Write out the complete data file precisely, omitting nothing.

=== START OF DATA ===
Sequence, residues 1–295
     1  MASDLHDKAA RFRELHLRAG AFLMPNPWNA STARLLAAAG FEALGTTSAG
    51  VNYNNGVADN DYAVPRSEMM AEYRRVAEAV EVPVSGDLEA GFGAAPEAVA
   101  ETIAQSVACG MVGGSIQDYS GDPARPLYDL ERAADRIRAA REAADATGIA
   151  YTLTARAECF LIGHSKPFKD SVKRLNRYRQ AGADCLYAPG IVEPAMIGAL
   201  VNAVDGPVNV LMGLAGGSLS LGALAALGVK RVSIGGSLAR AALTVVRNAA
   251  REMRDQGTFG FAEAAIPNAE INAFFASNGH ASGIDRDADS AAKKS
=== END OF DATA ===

Sequence, residues 1–295
     1  MASDLHDKAA RFRELHLRAG AFLMPNPWNA STARLLAAAG FEALGTTSAG
    51  VNYNNGVADN DYAVPRSEMM AEYRRVAEAV EVPVSGDLEA GFGAAPEAVA
   101  ETIAQSVACG MVGGSIQDYS GDPARPLYDL ERAADRIRAA REAADATGIA
   151  YTLTARAECF LIGHSKPFKD SVKRLNRYRQ AGADCLYAPG IVEPAMIGAL
   201  VNAVDGPVNV LMGLAGGSLS LGALAALGVK RVSIGGSLAR AALTVVRNAA
   251  REMRDQGTFG FAEAAIPNAE INAFFASNGH ASGIDRDADS AAKKS